- CHEP Brazil has recently started installing tracking technology on some pallets.
- Initiative prevents the loss of pallets and generates more security, transparency, and cost savings for the Brazilian logistics sector.
São Paulo, May 2023 – CHEP Brazil has announced the launch of a pallet tracking system in its pooling network. The pilot project aims to track the location and movements of cargo carriers and transported products using IoT (intelligence of things) devices to minimize the loss of pallets and reduce unnecessary costs.
“Digitalization has proven to be an ally against lost pallets,” explained André Cardoso, country manager at CHEP Brazil. “For example, at CHEP, we have recently started installing tracking devices on some of our pallets. We add capabilities to existing asset management activities and introduce new initiatives supported by data analytics and digital insights to increase pallet recoveries.”
With the new tracking, CHEP aims to increase supply chain efficiency, security, transparency, and control. Tracking devices installed on pallets provide information about the location and condition of CHEP’s load carriers, making it easier to identify and manage goods. In addition, increased transparency guarantees the complete mapping of the chain and the traceability of all goods, preventing pallets from being lost and no longer used in the pooling system or even stolen.
“Cargo theft in general and pallet theft in particular has always been a worrying risk for large logistics companies in recent years”, emphasized the CHEP country manager. “Not addressing or underestimating these illegal practices could affect the entire supply chain and, ultimately, the final consumer. CHEP has been working around the clock to minimize disruptions in the supply chain and manage the effective flow of our pallets and containers. This includes working with retailers to ensure empty pallets are returned to CHEP promptly to be sorted, repaired and reissued to manufacturers, and investing in additional vehicles dedicated to the recovery of small pallets.”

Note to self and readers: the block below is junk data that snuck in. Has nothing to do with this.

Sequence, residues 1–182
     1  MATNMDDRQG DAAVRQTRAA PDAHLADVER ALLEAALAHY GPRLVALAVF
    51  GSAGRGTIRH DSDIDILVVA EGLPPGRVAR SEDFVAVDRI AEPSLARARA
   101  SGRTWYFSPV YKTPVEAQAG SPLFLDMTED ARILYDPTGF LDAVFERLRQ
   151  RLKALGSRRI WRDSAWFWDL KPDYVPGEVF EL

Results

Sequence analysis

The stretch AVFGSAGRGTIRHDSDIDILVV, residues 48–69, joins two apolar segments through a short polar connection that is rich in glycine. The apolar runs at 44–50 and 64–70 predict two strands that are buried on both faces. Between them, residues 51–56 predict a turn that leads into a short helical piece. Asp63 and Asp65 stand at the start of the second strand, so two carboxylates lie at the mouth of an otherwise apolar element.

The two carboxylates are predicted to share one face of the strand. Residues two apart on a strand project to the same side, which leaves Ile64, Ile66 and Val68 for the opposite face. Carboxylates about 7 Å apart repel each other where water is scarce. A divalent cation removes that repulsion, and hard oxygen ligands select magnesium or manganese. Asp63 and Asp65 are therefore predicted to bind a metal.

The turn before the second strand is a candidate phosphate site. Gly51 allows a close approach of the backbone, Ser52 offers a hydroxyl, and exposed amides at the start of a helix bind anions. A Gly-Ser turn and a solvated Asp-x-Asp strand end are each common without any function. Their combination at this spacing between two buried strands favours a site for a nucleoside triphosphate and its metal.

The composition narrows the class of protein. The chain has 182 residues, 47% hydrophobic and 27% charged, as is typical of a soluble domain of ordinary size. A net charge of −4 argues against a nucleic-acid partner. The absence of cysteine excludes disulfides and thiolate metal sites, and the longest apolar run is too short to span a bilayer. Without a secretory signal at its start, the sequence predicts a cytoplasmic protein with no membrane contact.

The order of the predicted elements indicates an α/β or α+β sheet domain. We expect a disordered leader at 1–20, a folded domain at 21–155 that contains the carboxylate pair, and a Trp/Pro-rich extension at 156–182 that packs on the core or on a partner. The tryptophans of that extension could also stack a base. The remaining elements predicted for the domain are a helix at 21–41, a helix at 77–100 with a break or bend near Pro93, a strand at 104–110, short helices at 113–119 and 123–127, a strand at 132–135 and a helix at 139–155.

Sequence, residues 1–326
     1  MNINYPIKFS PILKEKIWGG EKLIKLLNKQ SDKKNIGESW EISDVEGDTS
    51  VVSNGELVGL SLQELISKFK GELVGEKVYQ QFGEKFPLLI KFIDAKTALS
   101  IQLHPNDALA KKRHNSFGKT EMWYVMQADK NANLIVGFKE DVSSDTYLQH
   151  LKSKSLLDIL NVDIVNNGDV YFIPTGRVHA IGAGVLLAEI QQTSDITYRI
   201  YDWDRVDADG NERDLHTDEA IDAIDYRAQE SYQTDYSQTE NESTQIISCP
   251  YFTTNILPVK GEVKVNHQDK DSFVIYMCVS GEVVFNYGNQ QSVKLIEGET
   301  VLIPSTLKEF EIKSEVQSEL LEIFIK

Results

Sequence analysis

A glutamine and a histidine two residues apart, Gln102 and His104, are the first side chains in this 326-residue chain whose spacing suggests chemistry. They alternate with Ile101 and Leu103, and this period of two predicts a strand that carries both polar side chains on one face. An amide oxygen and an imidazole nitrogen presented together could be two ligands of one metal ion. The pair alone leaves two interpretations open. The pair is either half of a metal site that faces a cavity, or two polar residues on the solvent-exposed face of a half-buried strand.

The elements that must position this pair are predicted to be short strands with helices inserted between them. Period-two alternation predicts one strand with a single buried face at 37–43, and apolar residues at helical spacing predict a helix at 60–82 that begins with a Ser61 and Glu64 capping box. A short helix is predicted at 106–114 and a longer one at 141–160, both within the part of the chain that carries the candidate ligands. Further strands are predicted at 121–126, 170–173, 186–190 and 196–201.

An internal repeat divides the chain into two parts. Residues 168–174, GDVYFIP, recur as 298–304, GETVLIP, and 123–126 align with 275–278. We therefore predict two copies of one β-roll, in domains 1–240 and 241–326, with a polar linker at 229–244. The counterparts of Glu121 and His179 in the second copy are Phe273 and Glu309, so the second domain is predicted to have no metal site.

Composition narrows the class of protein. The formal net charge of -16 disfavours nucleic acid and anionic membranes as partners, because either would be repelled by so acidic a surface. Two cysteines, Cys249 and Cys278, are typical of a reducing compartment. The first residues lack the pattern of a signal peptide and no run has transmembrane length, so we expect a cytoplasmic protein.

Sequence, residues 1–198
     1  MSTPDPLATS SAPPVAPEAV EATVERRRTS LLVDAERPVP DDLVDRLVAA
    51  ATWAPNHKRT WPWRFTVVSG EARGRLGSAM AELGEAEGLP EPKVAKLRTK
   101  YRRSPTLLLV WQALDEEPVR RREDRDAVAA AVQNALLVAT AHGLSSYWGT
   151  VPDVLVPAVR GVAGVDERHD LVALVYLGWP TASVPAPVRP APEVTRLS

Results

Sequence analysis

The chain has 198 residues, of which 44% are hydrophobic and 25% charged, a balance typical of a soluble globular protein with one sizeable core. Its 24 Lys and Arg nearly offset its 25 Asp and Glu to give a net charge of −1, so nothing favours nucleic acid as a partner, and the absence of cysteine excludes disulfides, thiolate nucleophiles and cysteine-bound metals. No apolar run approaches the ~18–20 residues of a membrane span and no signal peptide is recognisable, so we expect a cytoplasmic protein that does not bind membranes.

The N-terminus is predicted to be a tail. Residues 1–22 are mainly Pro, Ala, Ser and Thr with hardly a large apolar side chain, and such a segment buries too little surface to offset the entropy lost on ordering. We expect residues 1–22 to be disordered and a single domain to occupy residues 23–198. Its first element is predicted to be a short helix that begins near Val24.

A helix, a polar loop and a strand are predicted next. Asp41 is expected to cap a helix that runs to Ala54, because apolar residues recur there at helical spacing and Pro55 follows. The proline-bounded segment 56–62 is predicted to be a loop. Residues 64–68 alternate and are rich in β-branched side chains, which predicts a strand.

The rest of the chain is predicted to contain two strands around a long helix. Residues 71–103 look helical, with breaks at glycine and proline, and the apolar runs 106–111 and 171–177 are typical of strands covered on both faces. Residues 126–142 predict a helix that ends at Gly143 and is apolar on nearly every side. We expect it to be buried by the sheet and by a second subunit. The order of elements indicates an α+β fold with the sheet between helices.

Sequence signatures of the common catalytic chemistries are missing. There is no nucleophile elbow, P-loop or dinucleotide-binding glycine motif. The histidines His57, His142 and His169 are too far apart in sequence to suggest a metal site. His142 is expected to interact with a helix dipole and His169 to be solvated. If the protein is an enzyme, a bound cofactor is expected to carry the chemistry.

CHEP Brazil: for the system to be effective, pallets must be returned
CHEP’s pallet pooling system is based on reusing and sharing blue pallets across the supply chain, allowing customers to pay for the time they use the pallets rather than purchasing them outright. However, for the system to be cost-effective, the pallets must be returned and remain in circulation.
“We have implemented processes to refurbish pallets that would otherwise be scrapped; for example, at the CHEP Brasil plant in Louveira (SP) we have a fully automated system operated by artificial intelligence to identify and repair damage to pallets,” said Cardoso. “At the same time we invest in new pallet purchases around the world to support our customers. In addition, we implemented allocation protocols in the main markets of the USA, Latin America, Europe and Australia, prioritizing the service to existing customers in these regions.
“Talking about the subject and collaborating with other actors is essential to address it. Retailers, wholesalers, producers, manufacturers, truck drivers, etc., all participants in the supply chain must play by the rules of the game. We are working to disseminate information and ensuring that they all understand the meaning of pallet pooling and the consequences of inappropriate use of our legally owned pallets.”
With prices for raw materials, fuel, and pallet wood rising sharply in recent months, pressure on productivity and prices for companies in the supply chain has been increasing. CHEP recognizes the importance of pallet pooling as a reliable and sustainable supply chain solution and is committed to providing its customers with the highest operational efficiency possible.
“CHEP expects the pallet tracking system to be a success, further increasing the efficiency of its pallet pooling services and reinforcing its commitment to the circular economy,” Cardoso concluded.